Third Week Of Advent Christmas Sermon

December 7, 2011 · Print This Article

In his book Horns and Halos, Dr. J. Wallace Hamilton tells about one of the weirdest auction sales in history; and it was held in Washington, D.C., in 1926, where 150,000 patented models of old inventions were declared obsolete and placed on the auction block for public auction. Prospective buyers and on-lookers chuckled as item after item was put up for bid; such as a “bed-bug buster” or an “illuminated cat” that was designed to scare away mice. Then there was a device to prevent snoring. It consisted of a trumpet that reached from the mouth to the ear; and was designed to awaken the snorer and not the neighbors. And then there was the adjustable pulpit that could be raised or lowered according to the height of the preacher.

Needless to say, this auction of old patent models was worth at least 150,000 laughs; but if we would look into this situation a little deeper, we would discover that these 150,000 old patent models also represent 150,000 broken dreams. (1) They represented a mountain of disappointments.

It may seem inappropriate to talk about broken dreams and disappointments this close to Christmas. After all, this is the season to be jolly. But it’s not jolly for everybody, is it? For those who have lost loved ones this is the loneliest time of the year. And in a world that glorifies materialism, those who are struggling financially may find it to be most disappointing.

Our friend John the Baptist knew about disappointment. John is in prison now and he’s looking for a sign ” a sign that the long-awaited Messiah has really arrived. That’s ironic, don’t you think? John the Baptist is the one who first proclaimed his coming. But much has happened to John since we last saw him preaching and baptizing people in the wilderness, and now his heart is cast down.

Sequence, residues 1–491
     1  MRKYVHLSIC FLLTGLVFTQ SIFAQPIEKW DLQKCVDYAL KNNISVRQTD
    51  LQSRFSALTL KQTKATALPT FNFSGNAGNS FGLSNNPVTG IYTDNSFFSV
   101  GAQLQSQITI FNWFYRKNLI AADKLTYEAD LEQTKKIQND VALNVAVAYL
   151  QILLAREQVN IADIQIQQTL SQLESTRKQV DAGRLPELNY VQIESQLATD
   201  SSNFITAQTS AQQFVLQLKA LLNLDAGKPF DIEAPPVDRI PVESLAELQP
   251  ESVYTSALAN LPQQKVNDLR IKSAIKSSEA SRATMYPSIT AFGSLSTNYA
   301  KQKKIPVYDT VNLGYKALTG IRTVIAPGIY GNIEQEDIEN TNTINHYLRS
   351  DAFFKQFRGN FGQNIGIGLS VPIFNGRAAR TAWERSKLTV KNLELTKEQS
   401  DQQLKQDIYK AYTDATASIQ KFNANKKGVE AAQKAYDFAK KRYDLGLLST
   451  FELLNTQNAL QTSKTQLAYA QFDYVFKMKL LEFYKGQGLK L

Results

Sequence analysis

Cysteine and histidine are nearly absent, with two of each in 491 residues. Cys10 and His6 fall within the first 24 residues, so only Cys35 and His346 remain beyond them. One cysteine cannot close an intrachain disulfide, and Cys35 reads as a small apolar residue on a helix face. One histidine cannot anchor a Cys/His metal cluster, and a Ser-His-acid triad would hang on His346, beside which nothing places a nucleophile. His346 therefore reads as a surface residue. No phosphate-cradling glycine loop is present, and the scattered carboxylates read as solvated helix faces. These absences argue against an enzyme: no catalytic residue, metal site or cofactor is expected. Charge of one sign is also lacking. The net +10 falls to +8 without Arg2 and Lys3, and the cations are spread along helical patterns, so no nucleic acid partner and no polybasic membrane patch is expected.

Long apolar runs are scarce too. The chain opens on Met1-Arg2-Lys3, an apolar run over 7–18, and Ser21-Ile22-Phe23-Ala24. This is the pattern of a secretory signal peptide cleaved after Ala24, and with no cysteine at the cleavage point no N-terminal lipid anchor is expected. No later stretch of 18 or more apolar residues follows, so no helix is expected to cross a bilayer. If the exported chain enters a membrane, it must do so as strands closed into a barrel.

You’ll remember John’s message was, “Repent, for the kingdom of heaven has come near.” This message burned in John’s soul. John wasn’t afraid to proclaim his message to religious leaders and royalty alike. He wasn’t even afraid to proclaim it to King Herod himself. That was why he was in jail.

This was not the King Herod who was the ruler at the time of the birth of Jesus; this was his son, Herod Antipas, who turned out to be worse than his father. Herod Antipas seduced and later married his brother’s wife, but first he killed his brother. The nation was in shock. John the Baptist condemned the king’s behavior and was placed in prison. While in prison John realized that his career as a prophet would soon be ended. His life would be over as well.

There was one thing that John wanted to know before he died. John wanted to know beyond a shadow of a doubt if Jesus was really the Messiah. Can you blame him? He had given everything he had ” including, in a matter of days, his very life. He wanted to know, has it all been in vain? Is it all an illusion – a dream? In the wilderness John had believed Jesus was the long-awaited Messiah, but in the face of certain death he has some doubts. He wanted to know for sure. So he sent some of his followers to find Jesus and ask him, “Are you the one who is to come or are we to wait for another?”

You see, John the Baptist found himself in a disappointing and disheartening predicament. Things were not working out like he had expected. Sometimes that happens. Disappointment.

Particularly at Christmas. This is not an easy time of year. A few years back there was a haunting country song that went like this, “If we make it through December….” Some of you know the meaning of those words. “If we make it through December….” It was December for John the Baptist. He was hurting in Herod’s prison. He was hurting physically and he was hurting emotionally. He was gripped with disappointment.

John Was Disappointed, First of all, Because He Had Different Expectations of What a Messiah Would Do.